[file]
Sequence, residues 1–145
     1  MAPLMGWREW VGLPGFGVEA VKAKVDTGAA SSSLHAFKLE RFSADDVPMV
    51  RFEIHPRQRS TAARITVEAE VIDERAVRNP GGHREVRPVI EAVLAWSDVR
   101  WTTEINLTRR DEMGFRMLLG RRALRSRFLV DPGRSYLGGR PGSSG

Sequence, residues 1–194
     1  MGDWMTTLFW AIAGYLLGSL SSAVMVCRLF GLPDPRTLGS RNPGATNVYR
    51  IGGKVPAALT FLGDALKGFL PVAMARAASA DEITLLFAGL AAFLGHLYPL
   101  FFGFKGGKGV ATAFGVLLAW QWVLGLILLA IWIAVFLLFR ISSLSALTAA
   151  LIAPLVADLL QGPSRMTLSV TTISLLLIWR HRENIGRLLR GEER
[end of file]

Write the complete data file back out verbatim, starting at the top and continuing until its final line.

Sequence, residues 1–145
     1  MAPLMGWREW VGLPGFGVEA VKAKVDTGAA SSSLHAFKLE RFSADDVPMV
    51  RFEIHPRQRS TAARITVEAE VIDERAVRNP GGHREVRPVI EAVLAWSDVR
   101  WTTEINLTRR DEMGFRMLLG RRALRSRFLV DPGRSYLGGR PGSSG

Sequence, residues 1–194
     1  MGDWMTTLFW AIAGYLLGSL SSAVMVCRLF GLPDPRTLGS RNPGATNVYR
    51  IGGKVPAALT FLGDALKGFL PVAMARAASA DEITLLFAGL AAFLGHLYPL
   101  FFGFKGGKGV ATAFGVLLAW QWVLGLILLA IWIAVFLLFR ISSLSALTAA
   151  LIAPLVADLL QGPSRMTLSV TTISLLLIWR HRENIGRLLR GEER